PROMO Miscellaneous - Hoover Dam Colorado River Drought - iStock - ngc4565

Feds announce plans for Colorado River water reductions

Hoover Dam on the Colorado River Drought © iStock - ngc4565
Derek Draplin

(The Center Square) – Arizona and Nevada will see less water from the Colorado River under new plans released Tuesday by the federal government because of ongoing and severe drought.

The U.S. Department of Interior said water releases from Glen Canyon Dam in Arizona and Hoover Dam at the Arizona-Nevada border would be decreased following projections from a two-year study.

“In the Lower Basin, the reductions represent the second year of additional shortage declarations, demonstrating the severity of the drought and critically low reservoir conditions,” the Interior Department and the Bureau of Reclamation said in a news release.

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© iStock - ventdusud

The cuts mean Arizona will see a reduction of 592,000 acre-feet of water from Lake Mead, equivalent to 21 percent of what the state is apportioned each year, while Nevada will see a reduction of 25,000 acre-feet, or 8 percent of its apportionment. California’s water apportionment won’t be reduced under the plan.

“The Interior Department is employing prompt and responsive actions and investments to ensure the entire Colorado River Basin can function and support all who rely on it,” Tanya Trujillo, assistant secretary for water and science at the department, said in a statement. “We are grateful for the hardworking public servants who have dedicated their lives to this work, and who are passionate about the long-term sustainability of Basin states, Tribes, and communities.”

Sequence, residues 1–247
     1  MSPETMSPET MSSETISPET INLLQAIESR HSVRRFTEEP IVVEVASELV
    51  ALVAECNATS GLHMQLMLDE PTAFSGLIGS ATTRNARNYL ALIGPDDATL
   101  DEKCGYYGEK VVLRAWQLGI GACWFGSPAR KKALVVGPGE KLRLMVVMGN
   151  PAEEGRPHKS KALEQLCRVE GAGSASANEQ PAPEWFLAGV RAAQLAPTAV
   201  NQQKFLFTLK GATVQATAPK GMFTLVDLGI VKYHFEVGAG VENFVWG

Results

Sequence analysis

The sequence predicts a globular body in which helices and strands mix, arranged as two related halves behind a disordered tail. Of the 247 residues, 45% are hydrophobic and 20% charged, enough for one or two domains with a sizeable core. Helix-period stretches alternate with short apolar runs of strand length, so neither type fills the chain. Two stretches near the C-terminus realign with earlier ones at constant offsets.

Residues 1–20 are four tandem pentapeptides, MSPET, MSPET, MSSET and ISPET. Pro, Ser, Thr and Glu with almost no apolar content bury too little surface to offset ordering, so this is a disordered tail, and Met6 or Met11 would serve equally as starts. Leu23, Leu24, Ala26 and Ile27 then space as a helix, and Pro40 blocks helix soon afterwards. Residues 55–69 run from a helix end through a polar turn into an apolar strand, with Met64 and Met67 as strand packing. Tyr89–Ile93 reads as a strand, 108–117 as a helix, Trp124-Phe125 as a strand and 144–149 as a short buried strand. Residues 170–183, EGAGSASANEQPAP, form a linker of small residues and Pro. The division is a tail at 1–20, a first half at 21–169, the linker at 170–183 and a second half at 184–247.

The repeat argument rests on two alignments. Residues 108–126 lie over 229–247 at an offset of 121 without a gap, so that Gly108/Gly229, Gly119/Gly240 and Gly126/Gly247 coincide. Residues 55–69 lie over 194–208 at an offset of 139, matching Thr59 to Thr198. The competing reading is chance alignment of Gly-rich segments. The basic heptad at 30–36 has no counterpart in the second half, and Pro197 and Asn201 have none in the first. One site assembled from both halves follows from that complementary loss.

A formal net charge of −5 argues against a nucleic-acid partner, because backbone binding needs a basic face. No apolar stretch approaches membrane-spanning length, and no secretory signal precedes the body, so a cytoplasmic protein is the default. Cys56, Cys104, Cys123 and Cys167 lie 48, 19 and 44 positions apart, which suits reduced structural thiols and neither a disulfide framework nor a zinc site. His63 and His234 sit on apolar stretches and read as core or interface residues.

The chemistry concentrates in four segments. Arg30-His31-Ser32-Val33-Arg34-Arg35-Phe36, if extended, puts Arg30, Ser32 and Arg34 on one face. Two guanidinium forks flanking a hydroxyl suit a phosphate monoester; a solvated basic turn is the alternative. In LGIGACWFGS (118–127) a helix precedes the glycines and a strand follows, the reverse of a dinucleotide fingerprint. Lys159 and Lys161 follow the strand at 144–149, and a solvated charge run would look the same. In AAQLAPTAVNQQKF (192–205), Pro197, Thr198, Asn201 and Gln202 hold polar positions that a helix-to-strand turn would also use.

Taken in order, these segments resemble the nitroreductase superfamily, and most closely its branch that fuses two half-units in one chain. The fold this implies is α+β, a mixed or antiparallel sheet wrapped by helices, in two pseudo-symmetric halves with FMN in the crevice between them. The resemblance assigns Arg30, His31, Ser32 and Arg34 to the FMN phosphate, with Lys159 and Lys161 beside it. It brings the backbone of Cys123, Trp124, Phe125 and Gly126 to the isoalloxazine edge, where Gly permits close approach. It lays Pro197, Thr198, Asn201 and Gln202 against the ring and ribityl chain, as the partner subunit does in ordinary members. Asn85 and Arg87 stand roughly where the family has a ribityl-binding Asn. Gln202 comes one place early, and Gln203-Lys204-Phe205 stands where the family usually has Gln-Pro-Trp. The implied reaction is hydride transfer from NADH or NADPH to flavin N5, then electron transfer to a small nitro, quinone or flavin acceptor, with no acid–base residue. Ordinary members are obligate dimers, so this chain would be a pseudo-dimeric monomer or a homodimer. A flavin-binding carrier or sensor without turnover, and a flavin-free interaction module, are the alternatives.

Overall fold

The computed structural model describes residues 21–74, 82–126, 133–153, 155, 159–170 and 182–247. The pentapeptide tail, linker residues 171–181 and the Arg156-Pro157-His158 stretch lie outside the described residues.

The federal government’s plan comes after western states could not come to an agreement by the August 15 deadline for a plan that would conserve an additional 2-4 million acre-feet (MAF) of water.

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© Dmytro Shestakov

The Colorado River spans almost 1,500 miles from its headwaters in the Rocky Mountains to Mexico’s Gulf of California, though river water rarely makes it to the gulf. The basin includes seven U.S. states and supplies water to around 40 million people.

Negotiations have at times pitted upper basin states – Colorado, New Mexico, Utah, and Wyoming – against lower basin states of Arizona, Southern California, and Nevada. 

The Upper Colorado River Commission last month sent a “5 Point Plan” to the bureau outlining how they will “proactively support critical infrastructure and resources” with the lower basin states.

“Reclamation data shows that Lower Basin and Mexico depletions are more than double the depletions in the Upper Basin,” the commission said in a letter to the bureau. “Therefore, additional efforts to protect critical reservoir elevations must include significant actions focused downstream of Lake Powell. Otherwise, the effectiveness of our 5 Point Plan will be limited.”

PROMO 64J1 Weather - Drought Lake Mead Arizona Water Hoover Dam Reservoir - iStock - Eisenlohr

© iStock - Eisenlohr

In Arizona, state water officials said Tuesday that there’s still no “viable” plan that will protect the basin long-term, adding that the state shouldn’t see disproportionate water reductions.

“It is unacceptable for Arizona to continue to carry a disproportionate burden of reductions for the benefit of others who have not contributed,” Arizona Department of Water Resources Director Tom Buschatzke and Central Arizona Project General Manager Ted Cooke said in a statement. “Arizona is committed to work toward a comprehensive plan that assures protection of the system through equitable contributions from all water users.”

The federal government is pumping significant funding into water conservation efforts in western states. The Inflation Reduction Act, which President Joe Biden signed into law on Tuesday, will allocate $4 billion to efforts in the Colorado River Basin. The Bipartisan Infrastructure Law also allocated $8.3 billion to the bureau for water programs.